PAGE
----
Brittany N. Williams on the fight scenes in That Self-Same Metal

That Self-Same Metal is the first book of the Forge & Fracture Saga, a YA historical fantasy trilogy.


That Self-Same Metal is Brittany N. Williams’ debut novel. And as a book following a swordswoman who choreographs fights, it has some amazing fight scenes. Today, we have the honour of having Brittany here to chat with us about writing the fight scenes in That Self-Same Metal.

The following is a guest post written by Brittany N. Williams.

That Self-Same Metal—the first book in my historical fantasy trilogy the Forge & Fracture Saga—follows Joan Sands, a master swordswoman with the magical ability to manipulate metal. If that already sounds like a handful for a teenage protagonist, she also choreographs the fights for the King’s Men, the famed acting company of William Shakespeare. Yes, she spends her days bossing around the Swan of Avon and having just as much fun as I did writing it.

One thing authors will say universally is that we bring ourselves to the page. Our lived experience, our research, our interests, books we’ve read, conversations we’ve overheard, all of it rolls together in the primordial soup of our imaginations before rushing through our veins to bleed out onto the page. It’s a process that’s both intuitive and intentional. It means that I was always going to write a novel with epic fight scenes. It’s in my creative blood.

Whenever I sit down to craft a scene, I focus on three things: choreography, character, and rhythm. Let’s break that all down.

A 5, 6, 7, 8!

Choreography, or the set of moves that make up the fight, has to meet three criteria for me. It has to be practical. It has to be conveyed clearly. It has to be cool. When thinking about practicality, one move has to flow into the other in a way that makes sense. This is something that I usually handle in revisions and edits. I’ll write out my fight, read it, and, if I need to, bust out my practice sword and do them myself. Reading your scene is essential if you want to avoid giving your character an extra hand—particularly insidious draft gremlins—or finding out later you have someone throwing a punch that miraculously connects from the opposite side of the room. For clarity, I always try to explain moves in a way that is easy to understand for someone who has never touched a sword in their life. That means avoiding niche terminology, no matter how fun saying “riposte” is. Most of my readers are likely neither fencers nor stage combat-trained and I’d rather not lose them in the weeds. Finally, it’s got to be cool. There has to be at least one gasp-inducing moment in every fight, it’s what we find most satisfying about all our favorite moments in media. I would be disappointed without it there, and I refuse to deprive my readers.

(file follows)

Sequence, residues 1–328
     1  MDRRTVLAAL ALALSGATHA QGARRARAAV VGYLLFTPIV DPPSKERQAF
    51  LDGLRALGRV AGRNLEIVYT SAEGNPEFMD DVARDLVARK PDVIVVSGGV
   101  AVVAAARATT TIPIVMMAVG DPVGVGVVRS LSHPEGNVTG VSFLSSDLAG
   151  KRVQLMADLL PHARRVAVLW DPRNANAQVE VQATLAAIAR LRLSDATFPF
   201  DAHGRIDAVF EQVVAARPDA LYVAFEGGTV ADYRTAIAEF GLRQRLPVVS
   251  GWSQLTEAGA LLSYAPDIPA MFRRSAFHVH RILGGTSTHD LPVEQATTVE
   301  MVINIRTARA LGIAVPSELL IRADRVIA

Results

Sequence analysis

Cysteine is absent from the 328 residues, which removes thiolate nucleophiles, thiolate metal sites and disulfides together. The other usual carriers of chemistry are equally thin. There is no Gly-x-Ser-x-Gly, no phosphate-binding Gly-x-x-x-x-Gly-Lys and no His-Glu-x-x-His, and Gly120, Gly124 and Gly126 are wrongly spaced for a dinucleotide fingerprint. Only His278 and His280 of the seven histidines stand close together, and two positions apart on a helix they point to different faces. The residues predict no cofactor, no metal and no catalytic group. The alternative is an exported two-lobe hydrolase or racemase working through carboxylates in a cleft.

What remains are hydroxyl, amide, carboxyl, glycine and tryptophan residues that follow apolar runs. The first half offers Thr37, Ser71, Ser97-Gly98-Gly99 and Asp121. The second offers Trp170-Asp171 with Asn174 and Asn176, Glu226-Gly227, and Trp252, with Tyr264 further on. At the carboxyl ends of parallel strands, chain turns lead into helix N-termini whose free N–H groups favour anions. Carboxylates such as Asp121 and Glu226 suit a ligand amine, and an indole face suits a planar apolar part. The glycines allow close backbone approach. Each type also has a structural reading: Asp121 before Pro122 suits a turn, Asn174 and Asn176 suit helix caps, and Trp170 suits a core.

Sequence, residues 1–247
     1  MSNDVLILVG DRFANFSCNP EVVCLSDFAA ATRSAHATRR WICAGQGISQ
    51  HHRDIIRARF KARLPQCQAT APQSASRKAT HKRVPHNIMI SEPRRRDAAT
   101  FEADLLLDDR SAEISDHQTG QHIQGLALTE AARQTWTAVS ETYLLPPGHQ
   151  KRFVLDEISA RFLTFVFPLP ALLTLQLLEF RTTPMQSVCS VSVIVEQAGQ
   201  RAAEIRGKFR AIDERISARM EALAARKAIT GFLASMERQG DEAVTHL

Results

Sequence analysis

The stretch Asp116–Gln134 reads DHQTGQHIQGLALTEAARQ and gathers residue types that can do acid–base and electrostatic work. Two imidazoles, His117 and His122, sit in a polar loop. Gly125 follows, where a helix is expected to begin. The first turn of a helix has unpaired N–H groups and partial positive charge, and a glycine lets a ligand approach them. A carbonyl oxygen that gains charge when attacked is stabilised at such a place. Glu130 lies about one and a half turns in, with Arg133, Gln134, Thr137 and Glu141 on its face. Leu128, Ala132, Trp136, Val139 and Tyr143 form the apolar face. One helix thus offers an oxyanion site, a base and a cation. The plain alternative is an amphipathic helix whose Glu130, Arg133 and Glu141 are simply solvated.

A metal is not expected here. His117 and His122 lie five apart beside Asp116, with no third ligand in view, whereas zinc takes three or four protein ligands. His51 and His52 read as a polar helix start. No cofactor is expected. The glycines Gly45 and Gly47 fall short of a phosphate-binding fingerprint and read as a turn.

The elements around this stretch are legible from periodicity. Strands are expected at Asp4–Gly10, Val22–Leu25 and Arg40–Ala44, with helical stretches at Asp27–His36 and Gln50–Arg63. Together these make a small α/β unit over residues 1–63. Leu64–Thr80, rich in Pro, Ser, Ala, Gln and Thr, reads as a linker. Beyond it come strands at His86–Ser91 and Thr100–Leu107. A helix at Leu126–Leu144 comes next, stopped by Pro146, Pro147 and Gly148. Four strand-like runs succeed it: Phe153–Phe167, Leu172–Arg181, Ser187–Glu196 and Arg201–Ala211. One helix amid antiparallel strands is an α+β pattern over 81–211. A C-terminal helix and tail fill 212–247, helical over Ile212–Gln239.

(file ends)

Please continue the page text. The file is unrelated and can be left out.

Can you take a punch?

This aspect is more straightforward. Character informs the choreography and delivers the emotions of the fight. I ask myself several questions as I write. What is this character’s experience level? How confident are they in this moment? What is their emotional state? How ready or willing are they to kill their opponent? Someone who’s never fought before who finds themselves up against the master swordsman who murdered their family has a specific throughline in that fight. Imagine if Buttercup had to face Count Rugen in The Princess Bride instead of Inigo Montoya going up against him. How different of a fight would that be? Answering these questions will give you the building blocks of a complex fight. One last thing to remember here, is that injuries have both mental and physical effects. Follow the changes in your characters throughout the arc of the story of the fight so you don’t end up with two people whacking at each other without consequence. That’s how you write a boring fight.

Make me lose my breath

One of the most difficult parts of capturing a fight on the page is retaining its visceral core. It’s an act of transmutation where you must take dynamic movement and confine it to the static life of letters arranged on a screen or piece of paper. The first tactic is to use your language. Utilize active verbs wherever possible. Tap into the other senses: the feel of a sword cleaving flesh, the sound of blades colliding, the smell or taste of blood. That will bring your reader into the story, drawing forth memories or inferences that place them in the middle of the action. The final layer is simple, but not always intuitive: vary your sentence structure. We all know how punctuation implies a breath. A comma is a pause, a momentary hold to shift focus even as thoughts continue on, flowing for as long as they need to reach their ultimate conclusion. A period is a stop. A full stop. Re-read those three sentences and notice how your breathed as they passed through your mind. Did the first leave you nearly breathless with its extended length? Did the second offer a brief reprieve before the third interrupted you with its abruptness? That rhythm is what you should bring to your fight scenes, the last tactic to pull the reader into the moment alongside the protagonist.

While I was in grad school, I had the absolute pleasure of learning stage combat—the skills required to present fights on stage or screen safely and dynamically—with the company RC-Annie. They put that first rapier into my hands and showed me how to wield it. But, beyond that and more importantly for my future novels, they taught me how to use a fight to convey a story. That is what cannot be lost in all the excitement of clashing blades and flying fists: it must serve the narrative just as much as it must serve drama. That is, after all, what we’re all reading for, a sensational story.

That Self-Same Metal is out now. (Faber Children’s)
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